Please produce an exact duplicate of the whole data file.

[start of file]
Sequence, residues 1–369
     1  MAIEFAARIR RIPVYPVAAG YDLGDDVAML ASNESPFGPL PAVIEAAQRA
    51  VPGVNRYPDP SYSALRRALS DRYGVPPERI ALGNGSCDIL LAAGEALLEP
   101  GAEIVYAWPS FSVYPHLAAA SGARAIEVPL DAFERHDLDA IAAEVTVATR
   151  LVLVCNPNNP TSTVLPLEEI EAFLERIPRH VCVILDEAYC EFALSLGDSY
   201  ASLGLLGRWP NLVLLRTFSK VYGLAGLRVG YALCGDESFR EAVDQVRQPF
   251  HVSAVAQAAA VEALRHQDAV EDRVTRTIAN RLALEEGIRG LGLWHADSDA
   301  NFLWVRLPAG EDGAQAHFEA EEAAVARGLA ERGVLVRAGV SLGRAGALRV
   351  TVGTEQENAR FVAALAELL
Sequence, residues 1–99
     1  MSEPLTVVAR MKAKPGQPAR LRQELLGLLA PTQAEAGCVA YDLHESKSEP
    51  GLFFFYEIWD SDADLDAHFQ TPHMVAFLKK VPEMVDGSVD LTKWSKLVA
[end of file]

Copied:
Sequence, residues 1–369
     1  MAIEFAARIR RIPVYPVAAG YDLGDDVAML ASNESPFGPL PAVIEAAQRA
    51  VPGVNRYPDP SYSALRRALS DRYGVPPERI ALGNGSCDIL LAAGEALLEP
   101  GAEIVYAWPS FSVYPHLAAA SGARAIEVPL DAFERHDLDA IAAEVTVATR
   151  LVLVCNPNNP TSTVLPLEEI EAFLERIPRH VCVILDEAYC EFALSLGDSY
   201  ASLGLLGRWP NLVLLRTFSK VYGLAGLRVG YALCGDESFR EAVDQVRQPF
   251  HVSAVAQAAA VEALRHQDAV EDRVTRTIAN RLALEEGIRG LGLWHADSDA
   301  NFLWVRLPAG EDGAQAHFEA EEAAVARGLA ERGVLVRAGV SLGRAGALRV
   351  TVGTEQENAR FVAALAELL
Sequence, residues 1–99
     1  MSEPLTVVAR MKAKPGQPAR LRQELLGLLA PTQAEAGCVA YDLHESKSEP
    51  GLFFFYEIWD SDADLDAHFQ TPHMVAFLKK VPEMVDGSVD LTKWSKLVA